Another explanation for this difference in radiological results is a biological reaction to a polyethylene wear of the glenoid component or impingement of the implant against the medial calcar (humeral notching). We used fully cemented keeled glenoids from each company with both designs. One explanation could be a different humeral-glenoid mismatch comparing both designs, however this remains a subject for further studies.
There is some evidence that radiological changes do not influence clinical results in short- and mid-term follow-up .
This study has some limitations. The number of patients in each group is relatively small and the study has a retrospective design. Neither the patients nor the examiners were blinded and the comparison was only based on short to mid-term results. We did not quantify bone quality as a preoperative mesurement. We used the thumbtest as described by Churchill et al. to evaluate all patients . Only if the test was negative we implanted one of the two endoprothesis. After switching to an impaction method there might be a learning curve for the surgeon which can lead to difference in result. Furthermore, the method of examining radiolucent lines commonly used as indication for loosening seems to have limitations of its own [21, 22].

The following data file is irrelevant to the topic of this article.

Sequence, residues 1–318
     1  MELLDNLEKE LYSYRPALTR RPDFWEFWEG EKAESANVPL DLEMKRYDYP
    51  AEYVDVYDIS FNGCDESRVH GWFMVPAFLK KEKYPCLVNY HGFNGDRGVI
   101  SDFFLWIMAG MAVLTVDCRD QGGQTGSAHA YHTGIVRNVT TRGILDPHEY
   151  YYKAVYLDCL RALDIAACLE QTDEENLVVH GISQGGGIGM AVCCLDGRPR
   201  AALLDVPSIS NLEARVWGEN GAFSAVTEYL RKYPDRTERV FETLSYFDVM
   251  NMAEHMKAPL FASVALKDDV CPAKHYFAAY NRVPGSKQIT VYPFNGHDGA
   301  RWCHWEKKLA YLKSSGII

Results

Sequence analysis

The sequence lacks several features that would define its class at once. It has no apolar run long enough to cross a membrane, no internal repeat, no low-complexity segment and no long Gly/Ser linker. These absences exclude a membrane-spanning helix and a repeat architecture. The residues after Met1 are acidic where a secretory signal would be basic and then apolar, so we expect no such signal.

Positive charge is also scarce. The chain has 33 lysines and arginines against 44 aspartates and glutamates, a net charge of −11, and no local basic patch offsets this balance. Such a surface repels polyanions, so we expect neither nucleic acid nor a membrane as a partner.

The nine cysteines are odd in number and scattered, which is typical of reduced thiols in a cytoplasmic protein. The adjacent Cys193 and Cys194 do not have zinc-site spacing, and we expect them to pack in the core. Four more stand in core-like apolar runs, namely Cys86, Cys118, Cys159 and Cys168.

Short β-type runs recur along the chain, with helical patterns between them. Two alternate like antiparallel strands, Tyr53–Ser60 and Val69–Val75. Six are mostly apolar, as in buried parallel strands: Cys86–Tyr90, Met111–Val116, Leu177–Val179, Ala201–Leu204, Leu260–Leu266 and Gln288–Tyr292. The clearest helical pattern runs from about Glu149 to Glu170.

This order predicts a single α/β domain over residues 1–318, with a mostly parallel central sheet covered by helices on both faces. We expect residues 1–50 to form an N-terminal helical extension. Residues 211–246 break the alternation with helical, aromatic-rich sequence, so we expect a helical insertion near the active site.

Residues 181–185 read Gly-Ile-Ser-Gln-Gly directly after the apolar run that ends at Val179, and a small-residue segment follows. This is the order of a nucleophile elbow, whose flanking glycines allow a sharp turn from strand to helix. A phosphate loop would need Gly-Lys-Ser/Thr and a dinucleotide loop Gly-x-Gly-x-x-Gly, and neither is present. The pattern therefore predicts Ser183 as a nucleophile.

The strength of this study lies in the uniformity of patient treatment and examination. All patients were diagnosed and treated by the same surgeon and all data were collected by the same examiner who was not the operating surgeon. Even though this evidence is not conclusive it is promising and worthy of further observation in follow-up. A finite element analysis might also be useful to explain our results.
After a minimum of 24 months follow-up satisfying results can be achieved using either an impaction or a screw fixation stemless total shoulder arthroplasty. Clinical results in short-term follow-up do not differ from each other. The screw fixation seems to prevent osteolysis of the medial calcar.
Availability of data and materials
The datasets used and/or analysed during the current study are available from the corresponding author on reasonable request.